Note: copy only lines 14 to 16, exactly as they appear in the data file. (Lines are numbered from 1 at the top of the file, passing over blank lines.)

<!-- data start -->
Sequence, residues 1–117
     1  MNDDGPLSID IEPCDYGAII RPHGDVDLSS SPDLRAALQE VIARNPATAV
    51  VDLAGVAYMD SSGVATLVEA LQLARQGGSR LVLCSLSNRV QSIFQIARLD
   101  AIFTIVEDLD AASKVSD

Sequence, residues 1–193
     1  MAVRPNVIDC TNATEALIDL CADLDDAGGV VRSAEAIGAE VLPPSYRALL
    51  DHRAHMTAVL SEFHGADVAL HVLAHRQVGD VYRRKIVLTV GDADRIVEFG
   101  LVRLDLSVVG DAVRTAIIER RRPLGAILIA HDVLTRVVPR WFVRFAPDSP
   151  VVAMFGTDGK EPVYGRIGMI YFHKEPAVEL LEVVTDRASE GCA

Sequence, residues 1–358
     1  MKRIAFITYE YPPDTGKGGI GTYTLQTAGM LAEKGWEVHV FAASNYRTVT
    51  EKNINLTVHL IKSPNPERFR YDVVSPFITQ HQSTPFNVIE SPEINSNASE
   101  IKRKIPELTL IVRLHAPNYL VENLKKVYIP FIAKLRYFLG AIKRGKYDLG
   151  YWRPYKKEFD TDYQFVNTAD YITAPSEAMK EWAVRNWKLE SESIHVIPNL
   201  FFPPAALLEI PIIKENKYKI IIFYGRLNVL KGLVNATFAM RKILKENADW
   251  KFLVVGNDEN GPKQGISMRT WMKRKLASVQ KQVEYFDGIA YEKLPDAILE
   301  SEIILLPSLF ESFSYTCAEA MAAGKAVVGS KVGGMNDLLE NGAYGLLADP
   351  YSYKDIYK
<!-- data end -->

   151  YWRPYKKEFD TDYQFVNTAD YITAPSEAMK EWAVRNWKLE SESIHVIPNL
   201  FFPPAALLEI PIIKENKYKI IIFYGRLNVL KGLVNATFAM RKILKENADW
   251  KFLVVGNDEN GPKQGISMRT WMKRKLASVQ KQVEYFDGIA YEKLPDAILE